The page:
These are difficult days for politicians. Confronted by a host of thorny economic, social and public safety issues, they often feel pushed by constituents and party leadership to adhere to a strict (and sometimes extreme) political agenda.

Most politicians aren't strong enough or courageous enough to step out of the party line to advocate for what is simply good, commonsense public policy. Like political robots, they parrot party rhetoric and walk in partisan lockstep.

It's the safe route and the easy route to political stability and self-preservation.

But most Americans, certainly most Hoosiers, don't want government representatives to run on auto pilot. We want local council members, state representatives and a congressional delegation that wants what's best for us, not necessarily what's best for their political careers.

Here's the good news for folks in the Madison County area: Our representative in Congress, Susan Brooks, and one of our U.S. senators, Joe Donnelly, score high in bipartisanship, according to The Lugar Center. In the most recent annual Bipartisan Index, Donnelly ranks second among the 100 senators. Brooks, meanwhile, has the best ranking, 24th overall, among Hoosiers in the 435-member House of Representatives.

The center's namesake, former Sen. Richard Lugar, always represented Indiana's middle-of-the-road interests. Lugar, a Republican, was a leader in reaching across the party aisle to work with Democrats. While it would be a stretch to say that Donnelly, a Democrat, is Lugar-like, he's more willing than most to set party dogma aside.

A recent example is Donnelly's vote to confirm U.S. Supreme Court nominee Neil Gorsuch. A month ago, Donnelly was just the third Democratic senator to announce he would vote to confirm Gorsuch.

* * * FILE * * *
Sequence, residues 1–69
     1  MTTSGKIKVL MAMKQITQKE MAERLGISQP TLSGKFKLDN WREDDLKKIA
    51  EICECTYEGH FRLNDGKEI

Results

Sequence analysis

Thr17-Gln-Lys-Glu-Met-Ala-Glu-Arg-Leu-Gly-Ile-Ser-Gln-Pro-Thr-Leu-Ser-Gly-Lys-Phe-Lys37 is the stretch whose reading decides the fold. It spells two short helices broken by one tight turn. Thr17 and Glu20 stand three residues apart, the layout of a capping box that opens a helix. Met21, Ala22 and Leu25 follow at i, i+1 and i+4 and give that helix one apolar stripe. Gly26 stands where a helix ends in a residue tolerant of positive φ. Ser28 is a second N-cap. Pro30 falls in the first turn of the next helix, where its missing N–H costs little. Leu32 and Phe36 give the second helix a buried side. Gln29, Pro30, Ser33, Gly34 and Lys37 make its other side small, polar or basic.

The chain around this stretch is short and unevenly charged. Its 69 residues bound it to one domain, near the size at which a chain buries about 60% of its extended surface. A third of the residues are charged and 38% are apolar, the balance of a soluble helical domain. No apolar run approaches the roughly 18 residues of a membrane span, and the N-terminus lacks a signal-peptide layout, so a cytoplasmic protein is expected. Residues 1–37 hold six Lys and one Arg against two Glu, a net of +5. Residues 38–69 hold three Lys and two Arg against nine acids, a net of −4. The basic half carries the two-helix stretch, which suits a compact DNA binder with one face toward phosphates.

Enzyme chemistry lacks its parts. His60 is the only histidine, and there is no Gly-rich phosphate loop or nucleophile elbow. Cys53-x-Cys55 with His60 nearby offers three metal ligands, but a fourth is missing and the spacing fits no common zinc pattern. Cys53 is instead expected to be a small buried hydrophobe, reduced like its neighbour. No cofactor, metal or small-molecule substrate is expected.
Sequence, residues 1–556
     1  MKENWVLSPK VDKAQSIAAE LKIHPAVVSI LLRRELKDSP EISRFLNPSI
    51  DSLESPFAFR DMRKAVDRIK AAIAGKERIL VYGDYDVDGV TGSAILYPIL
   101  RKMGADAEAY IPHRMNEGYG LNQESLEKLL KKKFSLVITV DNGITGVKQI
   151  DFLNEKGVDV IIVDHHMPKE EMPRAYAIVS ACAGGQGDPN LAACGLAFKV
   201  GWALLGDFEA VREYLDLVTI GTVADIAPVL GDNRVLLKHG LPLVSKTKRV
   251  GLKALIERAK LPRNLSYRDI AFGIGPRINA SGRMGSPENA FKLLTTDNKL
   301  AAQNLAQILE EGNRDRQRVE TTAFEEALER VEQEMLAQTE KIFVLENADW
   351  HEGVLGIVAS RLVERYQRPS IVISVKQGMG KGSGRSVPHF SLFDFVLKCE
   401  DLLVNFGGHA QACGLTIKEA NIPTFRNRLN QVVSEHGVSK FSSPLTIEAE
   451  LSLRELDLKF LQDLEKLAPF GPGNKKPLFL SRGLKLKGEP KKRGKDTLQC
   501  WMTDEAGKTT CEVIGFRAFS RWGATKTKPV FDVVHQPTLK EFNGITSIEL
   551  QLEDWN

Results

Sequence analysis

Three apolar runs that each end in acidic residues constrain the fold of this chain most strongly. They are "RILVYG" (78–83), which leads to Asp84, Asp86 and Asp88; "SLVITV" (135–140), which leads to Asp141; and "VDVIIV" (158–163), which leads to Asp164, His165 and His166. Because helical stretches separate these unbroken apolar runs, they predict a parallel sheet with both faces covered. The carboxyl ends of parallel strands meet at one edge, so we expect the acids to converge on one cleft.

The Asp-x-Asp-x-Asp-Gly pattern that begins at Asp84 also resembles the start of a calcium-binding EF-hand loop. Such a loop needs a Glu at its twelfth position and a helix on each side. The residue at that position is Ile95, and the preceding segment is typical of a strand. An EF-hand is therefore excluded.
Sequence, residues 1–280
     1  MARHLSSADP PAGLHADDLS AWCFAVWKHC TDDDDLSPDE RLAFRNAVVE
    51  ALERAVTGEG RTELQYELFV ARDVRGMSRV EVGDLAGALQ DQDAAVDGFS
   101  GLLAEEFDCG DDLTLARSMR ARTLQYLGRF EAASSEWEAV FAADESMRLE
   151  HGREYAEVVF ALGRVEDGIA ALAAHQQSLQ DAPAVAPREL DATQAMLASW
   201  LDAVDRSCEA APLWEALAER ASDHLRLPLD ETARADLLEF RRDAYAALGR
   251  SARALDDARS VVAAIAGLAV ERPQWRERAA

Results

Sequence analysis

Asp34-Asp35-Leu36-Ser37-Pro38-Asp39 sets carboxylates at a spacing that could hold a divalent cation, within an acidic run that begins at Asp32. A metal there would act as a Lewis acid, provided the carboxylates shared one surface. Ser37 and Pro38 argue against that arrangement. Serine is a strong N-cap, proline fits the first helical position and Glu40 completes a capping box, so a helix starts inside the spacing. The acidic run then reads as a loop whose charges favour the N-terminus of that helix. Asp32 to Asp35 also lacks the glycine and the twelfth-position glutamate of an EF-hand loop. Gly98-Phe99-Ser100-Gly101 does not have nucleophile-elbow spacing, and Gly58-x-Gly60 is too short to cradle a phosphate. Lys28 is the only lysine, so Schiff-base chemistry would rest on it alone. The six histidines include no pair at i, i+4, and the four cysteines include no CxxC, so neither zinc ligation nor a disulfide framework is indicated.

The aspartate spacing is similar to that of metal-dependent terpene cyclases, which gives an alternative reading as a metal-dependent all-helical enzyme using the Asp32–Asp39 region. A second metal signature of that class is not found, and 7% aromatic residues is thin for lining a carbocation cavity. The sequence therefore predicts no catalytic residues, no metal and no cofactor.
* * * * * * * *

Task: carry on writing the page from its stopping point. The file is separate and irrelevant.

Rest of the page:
While Donnelly felt considerable heat from Hoosier Republicans, the fact he was willing to break with Democratic ranks to confirm Gorsuch shows courage. The best argument from Democrats against Gorsuch was that they should block his confirmation much as Republicans had blocked President Barack Obama's last Supreme Court nominee, Merrick Garland.

Brooks, meanwhile, has quickly developed a reputation as a smart and collaborative congresswoman. She's part of a small group of members of Congress who meet weekly during session to promote bipartisanship. This group seeks paths forward for important bills via support from both Democratic and Republican delegations.

For the sake of Hoosiers, Brooks and Donnelly should continue to view government decisions through a Hoosier lens, rather than a party lens. Maybe others will start to follow their lead.

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To read a related column by Herald Bulletin Senior Reporter Ken de la Bastide, search for his name at heraldbulletin.com.

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